Belgian court rules illegal peertopeer file exchanges

24 February 2005

Patrick Michielsen


On 24 June 2004, Sabam, the Belgian collecting society of authors, composers and publishers, initiated summary proceedings before the President of the Court of First Instance in Brussels against S.A. Tiscali, a Belgian internet access provider with a market share of only 4%.

In its writ of summons, Sabam claimed that subscribers of the internet access services offered by Tiscali, were using various peer-to-peer software tools available on the internet (such as Kazaa, Morpheus, eDonkey2000, etc) in order to exchange electronic files (containing copyright protected music works, films, texts, etc) via decentralised computers of other internet users using a similar software tool.

The copying and exchange of such files had mostly taken place without the prior authorisation and payment of due royalties to the rights holding parties. According to Sabam, this led to an infringement of the exclusive rights of reproduction and right to communication to the public by the concerned rights holders. According to Sabam, Tiscali must have been aware of the overall peer-to-peer problem since the use of its internet services and its profits increased considerably.

Therefore, Sabam requested a cease and desist order against Tiscali, in order to stop these infringements on the basis of section 87, § 1 of the Belgian Copyright Act of 30 June 1994.

Opinion of the court’s President[1]

In its intermediary decision in summary proceedings of 26 November 2004, the President of the Court of First Instance in Brussels accepted that he had jurisdiction to decide on the claim against Tiscali, even if the alleged copyright infringements were committed by the internet subscribers and not by Tiscali. This jurisdiction was ratione materiae based on section 87, § 1 of the Belgian Copyright Act which grants the President jurisdiction to establish the existence of an infringement and to order the cessation of any infringement to a copyright or a similar right.

Furthermore, the President accepted that Sabam had a proper legal interest for its claim against Tiscali, even when the latter was not the infringing party but the best placed party to efficiently stop the infringements. At the time of its decision, however, Belgium had not yet adopted any legislation implementing the EU Directive 2001/29 on the harmonisation of certain aspects of copyright and related rights of the information society, even though the implementation deadline had already passed on 22 December 2002. Nevertheless, in accordance with the EU and national case law, the President accepted that Sabam’s interpretation was in line with recital 59 and section 8.3 of the Directive. These provisions entitle rights holders to directly request a cease and desist order against any intermediary service provider whose services are used by a third party to commit a copyright infringement, insofar as the service provider transmits such infringement on a network. The President confirmed that these provisions not only concern providers of hosting services but also access providers.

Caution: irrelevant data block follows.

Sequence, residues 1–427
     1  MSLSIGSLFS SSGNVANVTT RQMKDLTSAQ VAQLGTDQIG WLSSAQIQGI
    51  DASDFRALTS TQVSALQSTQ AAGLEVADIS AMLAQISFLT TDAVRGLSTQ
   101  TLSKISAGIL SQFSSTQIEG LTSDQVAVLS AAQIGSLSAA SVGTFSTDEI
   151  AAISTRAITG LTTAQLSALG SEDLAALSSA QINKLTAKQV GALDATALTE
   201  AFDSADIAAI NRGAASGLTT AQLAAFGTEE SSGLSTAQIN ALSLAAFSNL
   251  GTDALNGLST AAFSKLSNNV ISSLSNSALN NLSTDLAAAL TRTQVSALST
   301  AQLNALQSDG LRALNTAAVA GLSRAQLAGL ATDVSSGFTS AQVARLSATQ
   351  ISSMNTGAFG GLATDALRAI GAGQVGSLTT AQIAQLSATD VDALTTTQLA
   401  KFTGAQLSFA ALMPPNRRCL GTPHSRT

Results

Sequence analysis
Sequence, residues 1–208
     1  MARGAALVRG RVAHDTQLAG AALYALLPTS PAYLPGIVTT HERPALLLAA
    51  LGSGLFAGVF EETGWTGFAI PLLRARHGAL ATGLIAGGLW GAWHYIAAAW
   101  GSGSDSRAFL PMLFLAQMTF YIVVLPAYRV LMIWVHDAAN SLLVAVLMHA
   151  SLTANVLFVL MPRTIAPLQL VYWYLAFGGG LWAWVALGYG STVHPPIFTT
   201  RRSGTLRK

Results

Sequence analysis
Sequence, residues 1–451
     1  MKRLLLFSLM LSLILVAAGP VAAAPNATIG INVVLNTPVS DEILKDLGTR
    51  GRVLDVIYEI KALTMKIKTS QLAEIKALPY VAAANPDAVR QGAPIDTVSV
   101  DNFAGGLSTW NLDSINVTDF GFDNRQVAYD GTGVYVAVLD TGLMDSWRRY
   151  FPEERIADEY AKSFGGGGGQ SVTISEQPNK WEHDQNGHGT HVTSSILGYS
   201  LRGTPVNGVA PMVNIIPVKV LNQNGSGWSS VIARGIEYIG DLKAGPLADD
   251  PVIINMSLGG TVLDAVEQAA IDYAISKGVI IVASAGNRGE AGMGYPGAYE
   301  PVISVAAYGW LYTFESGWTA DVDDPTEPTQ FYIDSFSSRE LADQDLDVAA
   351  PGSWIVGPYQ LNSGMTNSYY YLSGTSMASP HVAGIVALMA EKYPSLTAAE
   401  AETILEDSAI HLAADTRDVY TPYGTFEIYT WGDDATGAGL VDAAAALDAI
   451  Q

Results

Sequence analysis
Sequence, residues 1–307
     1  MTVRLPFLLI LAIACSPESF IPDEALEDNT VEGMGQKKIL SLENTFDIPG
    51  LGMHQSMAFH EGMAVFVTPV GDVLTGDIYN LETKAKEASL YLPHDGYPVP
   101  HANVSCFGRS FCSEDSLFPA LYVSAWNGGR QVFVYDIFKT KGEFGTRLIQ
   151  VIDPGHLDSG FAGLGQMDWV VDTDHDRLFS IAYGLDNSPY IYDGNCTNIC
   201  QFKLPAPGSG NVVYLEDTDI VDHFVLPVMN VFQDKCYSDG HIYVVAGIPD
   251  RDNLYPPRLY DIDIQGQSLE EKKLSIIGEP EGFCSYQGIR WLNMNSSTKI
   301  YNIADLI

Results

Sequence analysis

For imposing the cease and desist order, the President confirmed that Sabam did not have to evidence any fault or negligence by Tiscali, since it is sufficient that the existence of the copyright infringement is established. In this respect, Tiscali cannot fall back on the more lenient liability rules as set out in the Belgian E-commerce Act of 11 March 2003.

Although the President held that Sabam's rights were being infringed, the President did not impose a general cease and desist order, as the use of peer-to-peer software cannot be prohibited as such; it can be used for legal purposes, e.g. files not protected by any copyright or similar right.

Whilst Sabam alleged that the blocking or filtering of illegal downloads and exchange via peer-to-peer software is technically feasible, Tiscali contested this on the basis of a unilateral expert report. As a result, before giving a final decision, the President appointed a court expert to investigate the possible technical measures and costs to block or filter illegal file exchanges.


Even though an internet access provider can, from a legal point of view, be ordered to cease a copyright infringement committed by a third party user, it remains to be seen whether in the expert’s view, and taking into account existing technologies, an internet access provider is reasonably able to apply technical measures to block or filter illegal file exchanges without incurring disproportionate costs.

If the expert confirms the feasibility of these technical measures, it is likely that Tiscali will appeal against the final decision.

It seems that the combat against illegal peer-to-peer exchanges in Belgium has just started! This Tiscali case sits alongside another recent case in which an individual who downloaded numerous copyright protected files via peer-to-peer exchanges has been sentenced to a conditional imprisonment and to payment of severe financial damages to Sabam and IFPI.[2]

[1] President of the Court of First Instance in Brussels, 26 November 2004, published on

[2] Court of First Instance in Brussels (criminal division), 28 April 2003 and 25 October 2004, published on